Furthermore, the state of Florida is sitting on billions of COVID relief money earmarked for schools and hasn’t even bothered to apply for billions more that the state is eligible for. The money to take care of staff and then some is available, but the state and the district have instead shrugged their shoulders.  

It should be obvious by now that schools are vectors for the spread of COVID and since closing them down and learning remotely is a non-starter the super and school board should be doing all they can to keep students and staff safe and insisting the state do so as well, but instead, all we have gotten is a top to bottom failure in leadership.   

Social distancing is nonexistent, contact tracing is between nonexistent and dreadful, and air filtration at many schools is the same and since all that is the case it's maddening and frustrating that the district won’t take care of its staff that is forced to miss time for COVID. It is past time for them to step up and do the right thing.  

Sunday, September 5, 2021

DCPS disproportionately punishes minority staff

At least once a year, you see a piece of how school districts, by and large, suspend and expel minority students at a disproportionate rate. I look at these pieces with a grain of salt because, quite frankly, I think students who break the rules need a consequence. If they don't get one or an appropriate one, all they have learned is they can break the rules again. Typically this escalates until it doesn't, and other students have their learning interrupted, and teachers have lost their ability to teach. 

I also think this is socio-economically based. Instead of doing these studies by race, I have thought if they did these studies by family income, the results would be the same.  There are many reasons, but one f the biggest is the sad fact that we often send our newest and most inexperienced teachers to schools wracked in poverty where they are overwhelmed and haven't had the time to develop class management techniques which often leads to poor behavior. Many of these teachers don't stand much of a chance, and that's both tragic and trickles down to their students. 

I am almost off my soapbox. All that being said, the one major change I would make is once a student got in trouble or even better before, they received services to help them avoid the trouble. Tutoring, after-school programs, smaller classrooms, counseling, etc. We have to give these kids the tools to be able to deal with their problems. A small but meaningful consequence at the onset of a problem, followed by support, may stop a lot of future problems.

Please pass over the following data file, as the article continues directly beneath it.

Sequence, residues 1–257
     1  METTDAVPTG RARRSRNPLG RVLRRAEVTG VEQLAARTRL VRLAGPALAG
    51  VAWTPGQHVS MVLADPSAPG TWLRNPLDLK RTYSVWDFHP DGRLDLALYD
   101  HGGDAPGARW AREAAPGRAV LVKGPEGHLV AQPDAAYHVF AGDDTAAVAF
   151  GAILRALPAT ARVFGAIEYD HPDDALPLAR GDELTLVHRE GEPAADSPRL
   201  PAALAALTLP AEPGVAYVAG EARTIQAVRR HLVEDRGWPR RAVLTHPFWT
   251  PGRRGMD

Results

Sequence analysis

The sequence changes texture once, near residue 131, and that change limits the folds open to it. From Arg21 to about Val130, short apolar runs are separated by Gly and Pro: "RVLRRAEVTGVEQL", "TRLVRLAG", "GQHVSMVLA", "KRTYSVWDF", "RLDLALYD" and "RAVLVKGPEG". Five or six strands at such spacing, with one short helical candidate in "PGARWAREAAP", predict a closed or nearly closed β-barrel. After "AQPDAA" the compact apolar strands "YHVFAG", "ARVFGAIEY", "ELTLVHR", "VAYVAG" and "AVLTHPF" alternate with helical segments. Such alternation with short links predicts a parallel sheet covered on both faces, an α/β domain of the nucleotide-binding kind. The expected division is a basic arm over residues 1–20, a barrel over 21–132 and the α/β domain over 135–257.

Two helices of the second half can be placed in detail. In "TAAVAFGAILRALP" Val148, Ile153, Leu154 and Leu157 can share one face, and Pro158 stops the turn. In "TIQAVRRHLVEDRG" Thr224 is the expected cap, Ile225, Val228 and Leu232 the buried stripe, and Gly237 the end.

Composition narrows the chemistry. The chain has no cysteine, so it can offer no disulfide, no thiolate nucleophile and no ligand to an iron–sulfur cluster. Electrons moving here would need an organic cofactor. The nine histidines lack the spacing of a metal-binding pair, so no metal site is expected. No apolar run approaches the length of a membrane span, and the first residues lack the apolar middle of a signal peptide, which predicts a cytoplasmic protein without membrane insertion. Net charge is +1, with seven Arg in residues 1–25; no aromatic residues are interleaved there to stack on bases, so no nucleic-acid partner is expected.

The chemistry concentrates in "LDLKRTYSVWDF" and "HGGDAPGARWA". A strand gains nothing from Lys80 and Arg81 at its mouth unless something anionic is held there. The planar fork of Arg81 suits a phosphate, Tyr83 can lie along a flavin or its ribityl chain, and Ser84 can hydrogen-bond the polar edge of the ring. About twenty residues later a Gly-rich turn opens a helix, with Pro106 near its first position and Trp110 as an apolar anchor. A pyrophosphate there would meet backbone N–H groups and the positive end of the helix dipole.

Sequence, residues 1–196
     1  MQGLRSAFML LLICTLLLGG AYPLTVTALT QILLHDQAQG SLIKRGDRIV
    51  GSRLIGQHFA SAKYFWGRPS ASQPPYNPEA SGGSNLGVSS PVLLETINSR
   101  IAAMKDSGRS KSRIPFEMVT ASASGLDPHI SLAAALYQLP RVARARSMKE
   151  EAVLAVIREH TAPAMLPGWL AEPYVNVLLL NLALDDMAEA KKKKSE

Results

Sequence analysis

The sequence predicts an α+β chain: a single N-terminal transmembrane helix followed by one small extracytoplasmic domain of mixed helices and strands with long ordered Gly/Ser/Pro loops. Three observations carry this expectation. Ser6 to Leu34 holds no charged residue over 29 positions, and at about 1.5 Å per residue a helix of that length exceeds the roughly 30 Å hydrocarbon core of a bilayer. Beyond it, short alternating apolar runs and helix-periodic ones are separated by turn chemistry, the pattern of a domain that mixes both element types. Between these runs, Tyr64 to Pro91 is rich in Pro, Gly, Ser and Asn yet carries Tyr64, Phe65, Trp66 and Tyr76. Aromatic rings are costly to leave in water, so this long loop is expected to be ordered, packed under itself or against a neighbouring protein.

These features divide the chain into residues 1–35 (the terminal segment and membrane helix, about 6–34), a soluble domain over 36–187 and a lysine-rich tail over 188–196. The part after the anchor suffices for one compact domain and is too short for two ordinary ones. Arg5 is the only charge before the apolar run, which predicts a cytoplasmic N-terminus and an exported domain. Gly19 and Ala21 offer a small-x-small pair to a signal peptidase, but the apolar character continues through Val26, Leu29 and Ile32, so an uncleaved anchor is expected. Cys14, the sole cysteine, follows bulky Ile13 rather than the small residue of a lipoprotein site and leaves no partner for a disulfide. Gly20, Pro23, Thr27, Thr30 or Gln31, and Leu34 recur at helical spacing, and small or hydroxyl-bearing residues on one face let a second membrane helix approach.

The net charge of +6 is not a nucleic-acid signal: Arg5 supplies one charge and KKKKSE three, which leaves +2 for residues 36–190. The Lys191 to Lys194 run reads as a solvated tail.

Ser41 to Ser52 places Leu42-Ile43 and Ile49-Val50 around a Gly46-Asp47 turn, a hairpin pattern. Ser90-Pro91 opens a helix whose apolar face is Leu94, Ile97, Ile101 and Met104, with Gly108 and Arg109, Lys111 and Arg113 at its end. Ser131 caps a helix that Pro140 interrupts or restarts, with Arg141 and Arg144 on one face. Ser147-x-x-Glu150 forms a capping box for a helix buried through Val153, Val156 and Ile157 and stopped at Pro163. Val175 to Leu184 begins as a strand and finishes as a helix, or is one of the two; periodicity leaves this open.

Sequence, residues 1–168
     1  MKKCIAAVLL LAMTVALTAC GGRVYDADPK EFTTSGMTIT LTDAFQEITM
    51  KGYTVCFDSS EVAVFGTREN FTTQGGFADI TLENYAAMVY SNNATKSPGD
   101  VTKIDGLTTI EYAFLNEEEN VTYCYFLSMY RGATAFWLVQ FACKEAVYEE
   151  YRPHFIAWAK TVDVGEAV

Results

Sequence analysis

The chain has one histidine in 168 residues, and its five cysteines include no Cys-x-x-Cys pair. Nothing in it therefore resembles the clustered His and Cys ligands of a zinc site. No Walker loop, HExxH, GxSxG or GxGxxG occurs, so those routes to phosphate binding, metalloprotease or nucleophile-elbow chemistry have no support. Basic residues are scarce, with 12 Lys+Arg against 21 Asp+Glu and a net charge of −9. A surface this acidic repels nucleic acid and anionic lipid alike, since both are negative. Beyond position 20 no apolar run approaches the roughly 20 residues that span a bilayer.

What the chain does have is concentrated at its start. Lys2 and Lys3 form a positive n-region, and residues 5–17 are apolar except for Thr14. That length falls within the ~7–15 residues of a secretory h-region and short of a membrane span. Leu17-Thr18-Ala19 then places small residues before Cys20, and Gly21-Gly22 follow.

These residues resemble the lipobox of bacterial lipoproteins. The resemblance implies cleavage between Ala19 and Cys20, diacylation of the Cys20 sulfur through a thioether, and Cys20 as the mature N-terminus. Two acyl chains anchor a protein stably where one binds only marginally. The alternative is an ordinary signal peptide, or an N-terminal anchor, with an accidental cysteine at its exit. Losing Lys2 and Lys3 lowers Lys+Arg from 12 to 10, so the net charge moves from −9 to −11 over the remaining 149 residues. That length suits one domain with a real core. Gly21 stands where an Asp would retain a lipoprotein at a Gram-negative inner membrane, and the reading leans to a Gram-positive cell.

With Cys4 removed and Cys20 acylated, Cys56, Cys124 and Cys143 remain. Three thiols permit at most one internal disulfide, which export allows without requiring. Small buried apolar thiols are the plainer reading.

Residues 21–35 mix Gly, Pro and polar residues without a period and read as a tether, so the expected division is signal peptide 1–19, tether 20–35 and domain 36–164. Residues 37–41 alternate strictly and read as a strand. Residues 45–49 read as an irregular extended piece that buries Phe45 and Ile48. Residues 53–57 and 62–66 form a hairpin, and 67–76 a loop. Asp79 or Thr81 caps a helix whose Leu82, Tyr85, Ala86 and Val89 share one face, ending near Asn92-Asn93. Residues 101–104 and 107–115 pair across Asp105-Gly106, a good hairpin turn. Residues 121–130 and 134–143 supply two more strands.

But what about teachers? We have a system that often doesn't care about teachers; see new teachers at poorer schools as example number one. Example number 2 is how the district disproportionality punished minority staff, and nobody seems to give a damn. 

After a tip that most of the people in Bulls Bay, teacher jail were African American, I asked the district, and quite frankly, the results were admittedly not definitive; they were shocking. 

22 of the 37 teachers sent to teacher jail were minorities. That is nearly sixty percent. Compare that to the amount of minority staff in the district. 

 From NEWS for Jax,

The report, released by JPEF Tuesday, shows two-thirds of DCPS teachers are white, while white students make up only one-third of the district’s enrollment. It also shows 29% of teachers identify as Black -- compared to 45% of students in the district identifying as such. Less than 6% of DCPS teachers are Black men.

Now the percentages may change when district staff is factored in, but I couldn't see them changing dramatically.   

If a teacher needs to go to Bull's Bay, they have to go to Bull's Bay. I am all for punishing teachers that are reckless, inappropriate, or criminal. That being said, I am not sure how many of the teachers there fall into those categories and not into their principal or the district didn't like them, which is where I imagine most of them fall. 

I also wonder what kind of meaningful support and training these teachers have gotten. My guess is not much. 

I have asked the district for the last five years worth of numbers for people staffed to Bull's Bay and just investigations in general, but it's my bet the numbers won't change much at all.